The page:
is about the damage he might have done to his female audience.
Women may stop watching him with the same consistency or attention because he wasn't monogamous. The implication is that the women of America have an instinctive sympathy for the person he was supposed to be having sex with (his girlfriend of long-standing, Regina Lasko, the mother of his child, who he finally married this year) and that they feel and share her pain at the betrayal, even though, in this case, we don’t know what she feels.
In addition, the women of America may also sympathize with the other women he had sex with because, as their boss and as a celebrity, he had an unfair seduction advantage. It seems he was never going to marry and, hence, be monogamous with any of them either. At the same time, while sympathizing with these other women, the women of America are basically predisposed against them for causing Dave to not be monogamous with the woman he’s supposed to have been monogamous with (who, in her turn, may have caused him to not be monogamous with someone else, but that is too far back and there is a statute of limitations).
Anyway, I think that is the situation as the media seems to see it. So is it true? Do women, more or less collectively, empathize with a man’s primary relationship?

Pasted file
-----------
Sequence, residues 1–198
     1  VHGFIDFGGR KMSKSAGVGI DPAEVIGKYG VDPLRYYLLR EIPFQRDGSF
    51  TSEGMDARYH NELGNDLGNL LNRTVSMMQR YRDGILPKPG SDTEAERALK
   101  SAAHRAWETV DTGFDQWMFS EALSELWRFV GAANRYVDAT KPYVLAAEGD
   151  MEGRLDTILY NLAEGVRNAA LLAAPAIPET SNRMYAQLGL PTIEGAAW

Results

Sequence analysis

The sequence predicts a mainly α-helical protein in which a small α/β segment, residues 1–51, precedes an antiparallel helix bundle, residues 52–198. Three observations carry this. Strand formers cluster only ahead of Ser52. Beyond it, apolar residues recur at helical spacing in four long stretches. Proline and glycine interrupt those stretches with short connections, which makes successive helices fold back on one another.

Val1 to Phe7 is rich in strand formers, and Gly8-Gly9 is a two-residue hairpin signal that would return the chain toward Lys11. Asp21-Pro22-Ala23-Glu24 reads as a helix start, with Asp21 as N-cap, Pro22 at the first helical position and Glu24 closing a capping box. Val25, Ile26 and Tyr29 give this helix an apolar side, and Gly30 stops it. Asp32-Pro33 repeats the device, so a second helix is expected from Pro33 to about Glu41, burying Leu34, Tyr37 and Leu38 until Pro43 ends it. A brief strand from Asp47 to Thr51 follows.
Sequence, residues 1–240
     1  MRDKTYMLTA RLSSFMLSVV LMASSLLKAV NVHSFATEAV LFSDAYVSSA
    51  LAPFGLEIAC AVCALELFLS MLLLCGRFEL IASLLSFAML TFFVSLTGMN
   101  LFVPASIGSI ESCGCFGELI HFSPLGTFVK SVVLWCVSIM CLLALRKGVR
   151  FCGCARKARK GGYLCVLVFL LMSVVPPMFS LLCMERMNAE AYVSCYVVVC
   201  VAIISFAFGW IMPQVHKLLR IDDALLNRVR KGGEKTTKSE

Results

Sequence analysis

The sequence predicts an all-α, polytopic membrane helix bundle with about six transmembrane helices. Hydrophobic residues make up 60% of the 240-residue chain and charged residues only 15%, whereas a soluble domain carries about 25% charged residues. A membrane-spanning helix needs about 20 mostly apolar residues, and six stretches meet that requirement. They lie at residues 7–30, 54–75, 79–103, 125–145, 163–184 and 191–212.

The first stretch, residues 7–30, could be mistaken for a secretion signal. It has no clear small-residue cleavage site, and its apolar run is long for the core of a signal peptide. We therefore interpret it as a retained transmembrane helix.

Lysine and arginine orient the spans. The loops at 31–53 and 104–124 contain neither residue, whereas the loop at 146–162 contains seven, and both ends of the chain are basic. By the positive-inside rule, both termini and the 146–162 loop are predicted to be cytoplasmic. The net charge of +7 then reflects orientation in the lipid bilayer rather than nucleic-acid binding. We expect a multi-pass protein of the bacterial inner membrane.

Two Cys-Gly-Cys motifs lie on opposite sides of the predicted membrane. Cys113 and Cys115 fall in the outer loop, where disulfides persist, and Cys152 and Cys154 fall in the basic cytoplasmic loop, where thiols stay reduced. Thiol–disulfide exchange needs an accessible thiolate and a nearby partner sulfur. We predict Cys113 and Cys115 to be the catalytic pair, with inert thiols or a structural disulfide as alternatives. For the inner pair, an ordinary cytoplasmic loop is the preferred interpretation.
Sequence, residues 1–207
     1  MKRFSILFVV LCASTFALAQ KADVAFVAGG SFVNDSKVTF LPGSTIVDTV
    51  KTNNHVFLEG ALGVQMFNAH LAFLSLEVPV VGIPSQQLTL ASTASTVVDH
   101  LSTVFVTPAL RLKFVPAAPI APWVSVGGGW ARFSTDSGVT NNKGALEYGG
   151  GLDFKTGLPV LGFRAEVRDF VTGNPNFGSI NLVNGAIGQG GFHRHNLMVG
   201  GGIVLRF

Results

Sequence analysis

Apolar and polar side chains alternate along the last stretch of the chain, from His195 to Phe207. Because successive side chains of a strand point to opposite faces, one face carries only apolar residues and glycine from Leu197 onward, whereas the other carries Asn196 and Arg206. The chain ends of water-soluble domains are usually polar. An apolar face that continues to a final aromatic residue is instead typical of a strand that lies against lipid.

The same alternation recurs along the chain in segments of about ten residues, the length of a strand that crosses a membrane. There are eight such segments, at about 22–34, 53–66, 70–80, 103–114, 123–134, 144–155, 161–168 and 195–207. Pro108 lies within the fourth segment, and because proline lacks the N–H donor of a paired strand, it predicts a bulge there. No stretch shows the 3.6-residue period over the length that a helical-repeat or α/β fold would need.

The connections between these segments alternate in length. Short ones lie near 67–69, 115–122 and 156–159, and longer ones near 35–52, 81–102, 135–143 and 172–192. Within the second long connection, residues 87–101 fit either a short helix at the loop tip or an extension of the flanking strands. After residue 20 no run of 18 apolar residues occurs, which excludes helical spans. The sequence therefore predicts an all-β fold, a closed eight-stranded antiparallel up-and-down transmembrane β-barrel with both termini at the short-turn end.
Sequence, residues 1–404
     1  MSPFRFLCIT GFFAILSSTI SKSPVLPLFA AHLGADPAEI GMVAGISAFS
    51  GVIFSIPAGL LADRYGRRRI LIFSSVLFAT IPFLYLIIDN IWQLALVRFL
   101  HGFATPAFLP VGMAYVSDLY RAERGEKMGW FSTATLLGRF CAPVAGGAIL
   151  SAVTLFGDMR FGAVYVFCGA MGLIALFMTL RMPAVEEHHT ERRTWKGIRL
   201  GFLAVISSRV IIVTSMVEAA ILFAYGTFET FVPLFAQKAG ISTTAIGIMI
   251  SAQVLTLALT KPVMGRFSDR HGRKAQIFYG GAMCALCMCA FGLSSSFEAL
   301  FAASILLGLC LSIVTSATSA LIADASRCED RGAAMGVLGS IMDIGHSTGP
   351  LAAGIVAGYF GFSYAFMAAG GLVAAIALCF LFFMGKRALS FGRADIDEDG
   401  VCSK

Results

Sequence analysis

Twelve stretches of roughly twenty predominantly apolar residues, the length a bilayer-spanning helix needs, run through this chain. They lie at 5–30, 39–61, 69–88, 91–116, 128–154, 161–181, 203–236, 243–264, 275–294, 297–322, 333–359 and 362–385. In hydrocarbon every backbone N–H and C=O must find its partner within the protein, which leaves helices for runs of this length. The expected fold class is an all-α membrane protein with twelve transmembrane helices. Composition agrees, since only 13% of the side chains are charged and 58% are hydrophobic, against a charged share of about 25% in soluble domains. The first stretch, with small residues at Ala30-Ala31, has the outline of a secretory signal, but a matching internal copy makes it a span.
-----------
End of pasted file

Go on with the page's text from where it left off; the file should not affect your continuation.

Do they blindly focus their resentments and disappointments and fears of betrayal and other romantic complications on any man who suddenly seems to publicly fit the bill (Dave, John Edwards, John Ensign, Mark Sanford, Eliot Spitzer, et al—of lesser note, I, too, have done my time on Page Six)?
Do all women identify with the idea of the long-suffering primary relationship? Indeed, has the idea of the long-suffering-ness on the part of the primary female companion become as fixed in collective modern women’s consciousness as the idea of uncontrollable and irresponsible priapicness on the part of the less-than-monogamous man?
Possibly, this is just another media construct. It could just be a particularly fervent, polemically minded group of women who have gotten out front on this issue (an irresistible combination of right-wing values types and left-wing feminists) and given the media a scare. But it’s a big scare—operatic and with teeth bared. The New York Times
, always sensitive to whomever seems to be setting the agenda, has certainly seemed particularly censorious toward Dave and has taken satisfied note of the problems he might have with the women’s vote. This view of long-suffering-ness and hopeless priapicness is also certainly supported by the tabloid and Internet gossip press (which is, curiously, almost entirely run by men who are terrible cheaters and hopeless reprobates).
Is this gender face-off between men who cheat and the women who, on behalf of all other women and their collective fate, scorn them, and the media which follows suit, becoming a basic and more or less permanent divide in American life? It seems so.
More of Newser founder Michael Wolff's articles and commentary can be found at VanityFair.com, where he writes a regular column. He can be emailed at email@example.com. You can also follow him on Twitter: www.twitter.com/NewserColumns.